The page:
Trefoil peptide TFF2 (spasmolytic polypeptide) potently accelerates healing and reduces inflammation in a rat model of colitis

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Abstract

Background

The trefoil peptides are major secretory products of mucus cells of the gastrointestinal tract and show increased expression after inflammatory or ulcerative damage. Recombinant human TFF2 (spasmolytic polypeptide) has been shown to be cytoprotective, and enhances repair in models of gastric injury.

Aims

To test the healing effects of recombinant human (h) TFF2 in a rat model of chronic colitis.

Methods

Colitis was induced by intracolonic administration of dinitrobenzene sulphonic acid in ethanol. Mucosal repair was quantified macroscopically, microscopically by image analysis of tissue histology, and by measuring myeloperoxidase activity.

Results

Initial validation studies showed that maximal injury and inflammation occurred at the end of the first week after colitis induction (active phase), and that spontaneous healing was complete by eight weeks. Once daily intrarectal application of hTFF2 (2.5 mg/kg; approximately 0.5 mg/rat) for five days after maximal damage had been sustained, reduced both microscopic and macroscopic injury by 80% and inflammatory index by 50% compared with vehicle controls. In addition, endogenous concentrations of rat TFF2 and TFF3 (intestinal trefoil factor) were increased in the active phase of colitis and were reduced to basal levels by hTFF2 treatment.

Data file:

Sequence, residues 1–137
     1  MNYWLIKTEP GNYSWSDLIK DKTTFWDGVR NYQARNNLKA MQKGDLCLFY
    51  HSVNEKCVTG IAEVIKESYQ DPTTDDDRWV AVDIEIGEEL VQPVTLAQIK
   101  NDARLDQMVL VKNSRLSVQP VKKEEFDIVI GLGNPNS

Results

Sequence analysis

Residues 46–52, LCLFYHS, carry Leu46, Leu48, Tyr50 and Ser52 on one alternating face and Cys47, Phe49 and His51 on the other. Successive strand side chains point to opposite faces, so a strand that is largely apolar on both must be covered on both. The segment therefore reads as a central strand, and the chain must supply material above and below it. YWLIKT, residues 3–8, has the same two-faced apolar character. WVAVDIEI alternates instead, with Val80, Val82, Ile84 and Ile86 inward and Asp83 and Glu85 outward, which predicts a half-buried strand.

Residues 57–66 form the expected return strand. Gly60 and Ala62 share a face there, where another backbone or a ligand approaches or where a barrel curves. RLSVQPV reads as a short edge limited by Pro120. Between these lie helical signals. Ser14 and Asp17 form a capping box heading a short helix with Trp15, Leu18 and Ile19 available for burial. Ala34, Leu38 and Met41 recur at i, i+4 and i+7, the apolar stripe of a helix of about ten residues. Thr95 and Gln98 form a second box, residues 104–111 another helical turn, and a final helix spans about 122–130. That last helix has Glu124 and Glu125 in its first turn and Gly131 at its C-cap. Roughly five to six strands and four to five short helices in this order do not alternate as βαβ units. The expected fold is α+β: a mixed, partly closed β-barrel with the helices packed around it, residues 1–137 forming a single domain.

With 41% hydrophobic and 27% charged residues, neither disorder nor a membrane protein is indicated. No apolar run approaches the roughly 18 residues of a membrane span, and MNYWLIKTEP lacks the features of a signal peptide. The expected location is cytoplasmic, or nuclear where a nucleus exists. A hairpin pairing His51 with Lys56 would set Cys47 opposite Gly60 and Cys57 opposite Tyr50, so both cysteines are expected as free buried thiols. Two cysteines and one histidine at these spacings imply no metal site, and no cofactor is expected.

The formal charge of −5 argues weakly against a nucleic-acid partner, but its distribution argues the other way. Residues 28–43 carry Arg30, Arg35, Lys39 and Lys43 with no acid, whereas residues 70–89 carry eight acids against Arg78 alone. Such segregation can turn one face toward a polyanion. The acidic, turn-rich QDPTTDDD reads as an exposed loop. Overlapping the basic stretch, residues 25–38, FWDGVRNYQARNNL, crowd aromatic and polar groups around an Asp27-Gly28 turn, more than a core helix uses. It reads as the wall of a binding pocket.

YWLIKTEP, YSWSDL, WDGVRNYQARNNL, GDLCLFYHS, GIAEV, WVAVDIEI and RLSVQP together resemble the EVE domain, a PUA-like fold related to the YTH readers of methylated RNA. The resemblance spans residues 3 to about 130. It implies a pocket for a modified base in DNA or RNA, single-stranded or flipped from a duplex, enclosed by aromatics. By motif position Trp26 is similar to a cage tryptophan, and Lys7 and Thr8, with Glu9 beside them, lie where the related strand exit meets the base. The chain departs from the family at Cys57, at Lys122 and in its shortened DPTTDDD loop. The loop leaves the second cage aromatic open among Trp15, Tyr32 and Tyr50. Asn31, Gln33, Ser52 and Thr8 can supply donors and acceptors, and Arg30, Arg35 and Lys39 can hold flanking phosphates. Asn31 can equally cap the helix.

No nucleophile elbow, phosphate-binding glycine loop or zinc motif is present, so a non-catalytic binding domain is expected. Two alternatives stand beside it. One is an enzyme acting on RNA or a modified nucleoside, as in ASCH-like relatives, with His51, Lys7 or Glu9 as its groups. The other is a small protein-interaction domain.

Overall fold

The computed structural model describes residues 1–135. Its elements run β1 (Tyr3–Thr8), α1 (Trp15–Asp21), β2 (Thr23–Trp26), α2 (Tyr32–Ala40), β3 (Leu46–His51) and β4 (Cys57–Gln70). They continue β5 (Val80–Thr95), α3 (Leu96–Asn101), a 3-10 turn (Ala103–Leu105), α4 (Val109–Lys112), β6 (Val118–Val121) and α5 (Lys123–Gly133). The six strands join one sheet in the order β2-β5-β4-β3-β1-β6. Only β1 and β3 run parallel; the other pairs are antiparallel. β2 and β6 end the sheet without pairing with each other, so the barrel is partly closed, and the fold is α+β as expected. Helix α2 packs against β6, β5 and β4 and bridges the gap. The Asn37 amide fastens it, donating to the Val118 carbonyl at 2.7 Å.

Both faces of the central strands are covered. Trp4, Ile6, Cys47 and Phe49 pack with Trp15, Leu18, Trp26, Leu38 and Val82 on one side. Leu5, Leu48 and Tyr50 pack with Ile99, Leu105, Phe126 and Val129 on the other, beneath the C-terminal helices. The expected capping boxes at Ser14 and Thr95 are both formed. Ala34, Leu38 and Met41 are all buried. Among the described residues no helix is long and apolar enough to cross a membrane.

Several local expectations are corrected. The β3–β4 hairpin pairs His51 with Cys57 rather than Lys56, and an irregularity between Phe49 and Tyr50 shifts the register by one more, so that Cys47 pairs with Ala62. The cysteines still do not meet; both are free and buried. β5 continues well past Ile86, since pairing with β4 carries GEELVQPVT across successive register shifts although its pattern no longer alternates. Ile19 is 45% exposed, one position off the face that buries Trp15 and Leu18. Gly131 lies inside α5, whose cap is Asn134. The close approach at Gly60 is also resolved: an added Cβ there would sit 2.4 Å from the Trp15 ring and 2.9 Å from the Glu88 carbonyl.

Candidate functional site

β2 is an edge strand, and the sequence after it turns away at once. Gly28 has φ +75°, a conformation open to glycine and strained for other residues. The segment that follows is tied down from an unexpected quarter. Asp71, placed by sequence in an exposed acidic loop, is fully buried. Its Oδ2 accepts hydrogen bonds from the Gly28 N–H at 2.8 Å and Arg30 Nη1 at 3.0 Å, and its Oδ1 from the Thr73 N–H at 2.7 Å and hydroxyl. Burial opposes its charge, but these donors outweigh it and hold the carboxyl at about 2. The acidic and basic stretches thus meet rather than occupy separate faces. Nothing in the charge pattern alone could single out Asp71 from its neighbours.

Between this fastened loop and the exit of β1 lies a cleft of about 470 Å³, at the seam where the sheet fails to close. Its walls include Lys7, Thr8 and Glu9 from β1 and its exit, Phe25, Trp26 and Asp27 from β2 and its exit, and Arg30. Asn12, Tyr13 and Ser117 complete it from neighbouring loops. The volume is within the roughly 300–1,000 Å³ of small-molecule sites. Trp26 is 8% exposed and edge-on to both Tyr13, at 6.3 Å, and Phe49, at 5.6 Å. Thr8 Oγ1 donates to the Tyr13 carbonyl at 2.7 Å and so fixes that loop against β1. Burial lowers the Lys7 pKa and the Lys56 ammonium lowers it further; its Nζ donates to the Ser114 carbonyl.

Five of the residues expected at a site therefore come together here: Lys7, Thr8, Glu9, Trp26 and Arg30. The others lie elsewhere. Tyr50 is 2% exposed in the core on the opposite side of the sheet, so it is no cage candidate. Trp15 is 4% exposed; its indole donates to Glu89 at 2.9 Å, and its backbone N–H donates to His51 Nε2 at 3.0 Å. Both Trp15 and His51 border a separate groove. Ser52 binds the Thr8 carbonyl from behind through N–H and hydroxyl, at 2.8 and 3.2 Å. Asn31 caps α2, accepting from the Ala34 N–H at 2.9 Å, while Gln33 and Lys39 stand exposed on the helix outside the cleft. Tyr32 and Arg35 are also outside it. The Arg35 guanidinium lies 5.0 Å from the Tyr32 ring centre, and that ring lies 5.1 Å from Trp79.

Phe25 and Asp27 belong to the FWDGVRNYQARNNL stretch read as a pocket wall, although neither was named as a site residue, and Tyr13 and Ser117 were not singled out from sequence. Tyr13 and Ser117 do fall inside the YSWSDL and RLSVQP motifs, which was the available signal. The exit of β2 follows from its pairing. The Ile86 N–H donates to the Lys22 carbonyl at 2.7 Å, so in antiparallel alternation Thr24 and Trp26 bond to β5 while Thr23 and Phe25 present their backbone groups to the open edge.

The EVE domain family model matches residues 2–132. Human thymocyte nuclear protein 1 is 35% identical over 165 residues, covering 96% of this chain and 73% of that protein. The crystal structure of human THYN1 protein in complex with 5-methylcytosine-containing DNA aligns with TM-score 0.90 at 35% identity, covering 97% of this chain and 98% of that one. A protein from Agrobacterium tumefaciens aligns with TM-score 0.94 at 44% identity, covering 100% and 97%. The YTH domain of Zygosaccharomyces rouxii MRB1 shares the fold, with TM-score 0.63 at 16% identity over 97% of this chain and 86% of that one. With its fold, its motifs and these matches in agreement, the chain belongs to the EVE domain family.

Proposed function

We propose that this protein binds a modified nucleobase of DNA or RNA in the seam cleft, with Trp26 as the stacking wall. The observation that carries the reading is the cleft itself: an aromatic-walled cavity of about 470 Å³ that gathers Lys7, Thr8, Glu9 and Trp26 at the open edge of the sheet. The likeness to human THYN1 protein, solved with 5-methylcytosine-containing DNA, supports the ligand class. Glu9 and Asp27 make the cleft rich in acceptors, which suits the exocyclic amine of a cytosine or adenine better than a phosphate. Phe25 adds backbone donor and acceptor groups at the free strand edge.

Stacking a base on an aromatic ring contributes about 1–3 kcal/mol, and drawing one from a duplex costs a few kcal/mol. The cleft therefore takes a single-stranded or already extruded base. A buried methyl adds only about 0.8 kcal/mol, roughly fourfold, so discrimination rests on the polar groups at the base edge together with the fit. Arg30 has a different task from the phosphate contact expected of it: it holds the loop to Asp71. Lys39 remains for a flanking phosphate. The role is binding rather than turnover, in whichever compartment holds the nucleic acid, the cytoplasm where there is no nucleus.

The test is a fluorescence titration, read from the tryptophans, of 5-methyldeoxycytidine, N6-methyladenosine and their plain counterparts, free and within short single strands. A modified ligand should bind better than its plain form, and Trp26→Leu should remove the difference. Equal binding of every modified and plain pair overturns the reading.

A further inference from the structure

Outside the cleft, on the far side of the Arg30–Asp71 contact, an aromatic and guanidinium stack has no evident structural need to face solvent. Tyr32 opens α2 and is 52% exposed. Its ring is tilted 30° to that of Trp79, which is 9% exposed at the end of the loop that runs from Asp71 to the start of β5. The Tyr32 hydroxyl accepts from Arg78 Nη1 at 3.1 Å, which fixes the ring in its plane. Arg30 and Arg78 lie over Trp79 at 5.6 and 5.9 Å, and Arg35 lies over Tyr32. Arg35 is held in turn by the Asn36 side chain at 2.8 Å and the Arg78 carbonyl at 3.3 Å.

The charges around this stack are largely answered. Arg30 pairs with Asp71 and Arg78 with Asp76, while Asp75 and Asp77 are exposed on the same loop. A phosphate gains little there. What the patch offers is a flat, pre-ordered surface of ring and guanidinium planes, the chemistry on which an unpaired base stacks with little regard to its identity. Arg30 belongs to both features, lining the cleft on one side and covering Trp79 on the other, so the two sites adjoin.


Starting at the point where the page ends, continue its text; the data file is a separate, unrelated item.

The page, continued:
Conclusions

This study has shown that hTFF2 enhances the rate of colonic epithelial repair, and reduces local inflammation in a rat model of colitis, and suggests that luminal application of trefoil peptides may have therapeutic potential in the treatment of inflammatory bowel disease.

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